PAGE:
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Kalleh suggested a thread on phobias to complement our thread on manias. So, to get started:

Amathophobia--Fear of dust (uhh...don't come to my house if you suffer from this!) big grin

Chrematophobia--Fear of money (yeah...right!)

Eosophobia--Fear of dawn (Dracula? razz)

Kenophobia--Fear of empty spaces (I did NOT make this one up!)

Phronemophobia--Fear of thinking (Maybe this is my son's problem?)

Soceraphobia--Fear of parents-in-law ('Nuff said!) big grin
 
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fear of englishmen‹
 
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quote:
anglophilia

fear of englishmen‹


Anglophilia is the admiration of England...not the fear. Anglophobia may be the fear of Englishmen though.

I know a certain Englishman i would rather have a philia about, rather than a phobia of! big grin wink
 
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I reckon you could take almost any Greek noun and append -phobia: someone, somewhere, is bound to be scared of it! roll eyes

Triskadekaphobia: Fear of the number thirteen;
Paraskavedekatriaphobia: Fear of Friday the 13th.
Parthenophobia: Fear of virgins (!)
Primeisodophobia: Fear of losing one's virginity;
Ergophobia or Ponophobia: Fear of work;
Ephebiphobia: Fear of teenagers;
Phobophobia: Fear of fear (duh);
Pentheraphobia: Fear of your mother-in-law;
Dentophobia: Fear of dentists;
Cyberphobia: Fear of computers or working on computers;
Stasibasiphobia Fear of standing up and walking (I couldn't find a fear of chewing gum);
Hellenologophobia: Fear of long Greek words like this one. big grin
 
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That word makes me wonder what a doctor says when he discovers that someone is suffering from this condition.

"I've found out what's wrong, Mr Smith. You're suffering from hellenologophobia."
"Mr Smith? Please come down from the top of the closet."

or perhaps:

"I've found out what's wrong, Mr Smith. I can't tell you what it is, though."
"Why not?"
"Its name would only make you worse."
"Argh! I'm going to die, aren't I? Otherwise you'd tell me."
"Now, now, Mr Smith. There's no need to get thanatophobic about it..."
"Mr Smith? Please come down from the top of the closet." big grin
 
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quote:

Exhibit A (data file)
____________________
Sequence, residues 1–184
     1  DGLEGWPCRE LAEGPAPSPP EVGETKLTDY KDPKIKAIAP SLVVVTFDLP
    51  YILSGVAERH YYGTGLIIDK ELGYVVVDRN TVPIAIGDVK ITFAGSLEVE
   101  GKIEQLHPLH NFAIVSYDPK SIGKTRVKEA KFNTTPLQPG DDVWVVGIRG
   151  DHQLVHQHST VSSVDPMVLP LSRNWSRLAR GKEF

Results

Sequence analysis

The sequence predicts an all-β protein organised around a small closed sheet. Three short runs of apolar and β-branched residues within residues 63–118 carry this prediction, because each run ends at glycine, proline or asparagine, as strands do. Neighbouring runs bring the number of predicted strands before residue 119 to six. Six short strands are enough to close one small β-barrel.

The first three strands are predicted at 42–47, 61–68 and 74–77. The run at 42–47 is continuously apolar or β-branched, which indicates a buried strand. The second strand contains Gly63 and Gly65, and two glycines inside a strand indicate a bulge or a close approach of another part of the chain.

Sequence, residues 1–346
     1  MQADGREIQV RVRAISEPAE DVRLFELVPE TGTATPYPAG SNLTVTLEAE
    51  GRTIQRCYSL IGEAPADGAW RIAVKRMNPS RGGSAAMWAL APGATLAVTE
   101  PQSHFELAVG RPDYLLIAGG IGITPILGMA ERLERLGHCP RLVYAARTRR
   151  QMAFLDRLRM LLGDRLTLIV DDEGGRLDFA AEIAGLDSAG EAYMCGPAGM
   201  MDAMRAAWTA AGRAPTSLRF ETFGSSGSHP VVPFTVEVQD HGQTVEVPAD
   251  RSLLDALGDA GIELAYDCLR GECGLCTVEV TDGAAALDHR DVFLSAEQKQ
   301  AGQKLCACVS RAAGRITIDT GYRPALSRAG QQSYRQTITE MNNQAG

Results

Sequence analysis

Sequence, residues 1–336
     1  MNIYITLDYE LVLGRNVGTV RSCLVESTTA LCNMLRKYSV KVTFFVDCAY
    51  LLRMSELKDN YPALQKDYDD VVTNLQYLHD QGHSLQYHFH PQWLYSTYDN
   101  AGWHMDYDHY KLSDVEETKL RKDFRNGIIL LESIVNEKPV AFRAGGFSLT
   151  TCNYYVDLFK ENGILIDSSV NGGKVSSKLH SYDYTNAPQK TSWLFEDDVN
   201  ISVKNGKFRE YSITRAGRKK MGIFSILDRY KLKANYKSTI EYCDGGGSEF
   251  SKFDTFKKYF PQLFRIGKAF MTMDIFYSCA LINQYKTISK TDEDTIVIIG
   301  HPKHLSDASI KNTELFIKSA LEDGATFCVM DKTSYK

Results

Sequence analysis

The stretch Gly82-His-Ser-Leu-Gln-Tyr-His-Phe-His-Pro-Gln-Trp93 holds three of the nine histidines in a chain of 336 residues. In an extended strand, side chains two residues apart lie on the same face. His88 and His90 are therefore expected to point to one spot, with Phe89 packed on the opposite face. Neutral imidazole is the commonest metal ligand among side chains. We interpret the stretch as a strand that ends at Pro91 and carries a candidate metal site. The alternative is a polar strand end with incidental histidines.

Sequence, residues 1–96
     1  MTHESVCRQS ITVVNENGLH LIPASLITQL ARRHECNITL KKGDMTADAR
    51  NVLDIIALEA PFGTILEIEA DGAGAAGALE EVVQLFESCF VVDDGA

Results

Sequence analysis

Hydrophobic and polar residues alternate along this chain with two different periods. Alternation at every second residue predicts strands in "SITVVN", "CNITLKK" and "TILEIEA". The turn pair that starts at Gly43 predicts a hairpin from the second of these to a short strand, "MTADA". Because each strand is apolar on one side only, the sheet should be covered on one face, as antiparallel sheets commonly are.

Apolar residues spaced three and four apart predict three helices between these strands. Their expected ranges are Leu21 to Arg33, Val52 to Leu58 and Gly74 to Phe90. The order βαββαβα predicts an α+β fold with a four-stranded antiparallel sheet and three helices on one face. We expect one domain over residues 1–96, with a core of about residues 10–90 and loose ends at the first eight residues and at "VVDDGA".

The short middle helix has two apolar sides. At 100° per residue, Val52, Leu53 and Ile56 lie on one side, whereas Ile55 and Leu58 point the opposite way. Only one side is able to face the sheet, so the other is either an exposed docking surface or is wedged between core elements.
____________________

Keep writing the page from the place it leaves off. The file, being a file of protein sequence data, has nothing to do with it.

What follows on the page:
...There's no need to get thanatophobic about it..."


Thantophobia--Fear of death or dying


And from another thread:
quote:
Asa, whose hair blew away, leaving more room for the important cranial tissue


Do these help explain why, Asa? confused

Trichophobia--Fear of hair

Phalacrophobia--Fear of becoming bald

(Not to worry, Asa...I loves ya anyway! [big kissssssssss-e]
 
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Well, gee, Arnie, thanks! You took my 2 favorites!
paraskavedekatriaphobia and parthenophobia

Here are some other fun ones:
kakorrhaphiophobia - fear of failure
rhytiphobia - fear of wrinkles (a fear of many women!)
koimetrophobia - fear of cemetaries
cacohydrophobia - fear of sewer water (I had to include that, considering our cacography thread!)
calligyniaphobia - fear of beautiful women (especially those who are callipygous (?!!)
 
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And what's the one phobia-word that's in fact not a mental condition but rather a physical condition (and thus in that sense, the word is a caconym)? wink
 
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fear of babies.@
 
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i KNOW this is weird. but that new little animated movie Lilo and Stitch? i am horrified by the creature. Stitch. when he opens up his mouth and it plays Hounddog. i had a nightmare about him and when i see him on a billboard it gives me a cringe feeling.

not as horrible as how i felt about cruella de ville when i was little, but close. you know, snow white was hitler's favorite film. mad frown red face eek confused frown red face eek mad¿
 
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A few more good 'uns:

Walloonphobia: Fear of the Walloons (Huh?)
Samhainophobia: Fear of Halloween
Pteronophobia: Fear of being tickled by feathers
Hippopotomonstrosesquippedaliophobia: Fear of long words
Didaskaleinophobia: Fear of going to school
Bogyphobia: Fear of bogies or the bogeyman
Arachibutyrophobia: Fear of peanut butter sticking to the roof of the mouth. big grin